“Recent studies have come out about microplastics in our bloodstream, and deep in our lungs, too, because it’s in the air,” she explained. “And plastics attract other pollutants, too.”
She recommends using a water filter at home for all drinking water to ensure that you are consuming water itself and not microplastics.
“Twenty-two million pounds of plastic is the stat that Rochester Institute of Technology has thrown out there as a model,” Schwartz said of the Great Lakes. “I like to consider us the last line of defense for our Great Lakes, realizing there’s a bigger issue with plastic production, but we’re hoping to prevent marine debris by picking up litter. And that’s all we do is we pick up litter in the Great Lakes region. It’s a simple mission.”
As for cigarette butts, she said that, if you smoke, you could have a water bottle with a little bit of water in the bottom that you keep in your car to put your butts in to keep them from littering the ground and making their way into the waters. Or just keep a plastic baggie in your pocket and hold onto it until you find a trash receptacle.
“It’s a plasticized acetate,” Schwartz said of the filters in cigarette butts. “It is made of a wood product, but it’s processed in a way that essentially turns it into a plastic polymer, and then that can have harmful effects on our wildlife. And stuff bioaccumulates, so the little bugs eat the plastic, the fish eat the bugs, or the fish eat the plastic itself, because they confuse it for food, and then we eat that fish.”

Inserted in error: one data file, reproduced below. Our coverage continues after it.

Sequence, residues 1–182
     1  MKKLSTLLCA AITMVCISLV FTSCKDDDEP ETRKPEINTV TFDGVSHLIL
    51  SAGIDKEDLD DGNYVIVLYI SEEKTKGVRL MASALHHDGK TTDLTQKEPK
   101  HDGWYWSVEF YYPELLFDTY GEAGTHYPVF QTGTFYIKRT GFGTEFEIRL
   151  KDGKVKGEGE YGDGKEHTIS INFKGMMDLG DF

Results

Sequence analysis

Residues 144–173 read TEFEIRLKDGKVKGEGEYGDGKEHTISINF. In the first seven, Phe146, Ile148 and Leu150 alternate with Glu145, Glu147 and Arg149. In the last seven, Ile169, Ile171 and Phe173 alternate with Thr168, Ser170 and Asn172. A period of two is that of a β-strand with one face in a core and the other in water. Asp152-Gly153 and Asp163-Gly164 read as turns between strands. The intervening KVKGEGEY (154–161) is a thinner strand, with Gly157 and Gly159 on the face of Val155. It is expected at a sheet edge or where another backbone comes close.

A cleanup was scheduled for this past Saturday in conjunction with Earth Day, but had to be canceled because of thunderstorms, Schwartz said, adding that some people continued to clean up on their own and posted photos on the Great Lakes Great Responsibility Facebook page.
For upcoming community cleanups, check out greatlakeslove.org and the Facebook page for updates.
She added that spring is a great time to clean up wherever you live.
“This is a critical time to be cleaning up litter,” Schwartz said. “It has accumulated over the past several months. The snow melts and it exposes what’s been accumulating over the winter, and it’s before things start growing,” so it’s easier to see the trash before the grass and bushes hide it.
“Our storm drains do directly drain into Lake Huron,” she added, noting that getting out there before the next rain event is
always the best idea, before that trash makes its way out to the water.
Getting children to start the habit of picking up litter is vital to the future of our natural resources, she noted.
“It really is all about education and teaching youth, while they’re young, to be good stewards, because then they’ll take those principles with them into adulthood and make good decisions,” Schwartz said.
Catch more news on Great Lakes Now:
Featured image: Meag Schwartz, founder and director of Great Lakes Great Responsibility, pauses for a photo while picking up trash at Starlite Beach last week. (Photo Credit: Darby Hinkley/The Alpena News)